Creative Circle and The Newspaper Manager have joined forces to launch an innovative and affordable classified ad production suite for print and digital media.MORE
Readers of the Times News in Kingsport and the Johnson City Press, both in Northeast Tennessee, saw new looks on Tuesday, Dec. 12. The redesigns of the Sandusky Newspaper Group papers are somewhat different but the goal is the same: Make them easier to read.
But it's not just the design that has changed; it's also the ways in which stories are told, according to Times News Publisher Rick Thomason, who is overseeing the project.
"Our redesigns aren't just about fonts, rebranding and colors," said Bill Ostendorf, president and founder of Creative Circle. "It's really about changing newsroom culture and creating content that is more relevant, more interesting and easier to read."MORE
For the Springfield (Mo.) Business Journal, Creative Circle launched a new site Aug. 14 at www.sbj.net along with an all-video sister site at sbjlive.net. SBJ switched its primary site from 1Up to Creative Circle in the transition. MORE
The Sumter Item has introduced a new look that features two nameplates (for vertical and horizontal layout options on the front page), as well as a five-column grid for ads and editorial. In a few weeks, a new look is coming to its website, as well.MORE
Instead of bemoaning the loss of old categories in classifieds, a strategy of developing new categories has turned into significant print classified revenue growth at the Times-Herald Record in Middletown, N.Y.MORE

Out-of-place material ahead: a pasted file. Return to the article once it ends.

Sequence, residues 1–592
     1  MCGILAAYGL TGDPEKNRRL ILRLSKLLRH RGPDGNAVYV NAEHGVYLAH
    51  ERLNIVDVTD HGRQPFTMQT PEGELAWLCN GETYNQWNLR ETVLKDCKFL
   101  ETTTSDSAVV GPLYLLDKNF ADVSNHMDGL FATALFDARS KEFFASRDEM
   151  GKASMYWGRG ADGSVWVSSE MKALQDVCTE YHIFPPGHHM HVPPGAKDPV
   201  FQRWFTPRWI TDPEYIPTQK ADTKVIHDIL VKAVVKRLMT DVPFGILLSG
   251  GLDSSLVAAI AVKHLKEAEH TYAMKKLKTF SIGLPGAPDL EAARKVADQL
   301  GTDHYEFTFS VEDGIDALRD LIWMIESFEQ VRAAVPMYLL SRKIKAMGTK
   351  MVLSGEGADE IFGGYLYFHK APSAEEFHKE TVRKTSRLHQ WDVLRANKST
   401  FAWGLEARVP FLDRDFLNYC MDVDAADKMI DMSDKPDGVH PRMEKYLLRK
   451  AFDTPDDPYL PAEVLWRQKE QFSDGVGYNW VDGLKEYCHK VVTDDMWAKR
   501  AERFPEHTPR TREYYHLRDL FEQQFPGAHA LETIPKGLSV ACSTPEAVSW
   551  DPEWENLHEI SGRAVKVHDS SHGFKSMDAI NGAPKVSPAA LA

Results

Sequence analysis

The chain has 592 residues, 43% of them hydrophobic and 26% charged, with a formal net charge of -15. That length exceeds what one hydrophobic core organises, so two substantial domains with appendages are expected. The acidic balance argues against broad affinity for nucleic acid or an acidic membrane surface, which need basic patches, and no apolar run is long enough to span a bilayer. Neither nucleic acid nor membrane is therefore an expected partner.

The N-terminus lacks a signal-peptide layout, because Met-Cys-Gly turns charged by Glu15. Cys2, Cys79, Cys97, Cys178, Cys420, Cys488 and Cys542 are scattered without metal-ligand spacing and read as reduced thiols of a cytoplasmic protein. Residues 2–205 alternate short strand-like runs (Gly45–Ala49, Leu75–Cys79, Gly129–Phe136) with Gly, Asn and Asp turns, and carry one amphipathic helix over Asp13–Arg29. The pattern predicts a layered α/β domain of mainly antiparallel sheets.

Stealing the value meal concept from McDonald's and the "Have it your way" slogan from Burger King, Creative Circle created some winning house ads for several of its classified redesign clients that saved time in the call center and increased upsell sales at the same time.MORE
Kendra Majors has been named publisher and editor of The Andalusia Star-News and its associated media products. She replaces Michele Gerlach, who has accepted a new job.More
An unprecedented amount of formal research on digital subscription models, and a few frantic years of legacy media organizations and startups alike experimenting with them, are beginning to provide a blueprint for getting readers to pay for online news.
It starts with the basic understanding that convincing someone to purchase a digital subscription is different than print. So much news has been free online and for so long. And a digital subscription is not a tangible, manufactured product that people automatically associate a dollar value with.
In most cases, you are also competing with the fact that someone could search for comparable content and get at least 60 to 70 percent of what they were looking for, for free, instantaneously. Is that extra 30 percent of value worth paying for, or is what's available for free elsewhere good enough?
That's why even news organizations that are pursuing a traditional "paywall" subscription model should be paying attention to the research and experiments with membership programs.
Read more from Editor& Publisher.More
Report for America 2019 corps members spent one week in Houston, Texas, training with top journalists from around the country. This included attending three days of RFA-exclusive sessions, the Investigative Reporters and Editors conference, several smaller RFA gatherings and evening events.More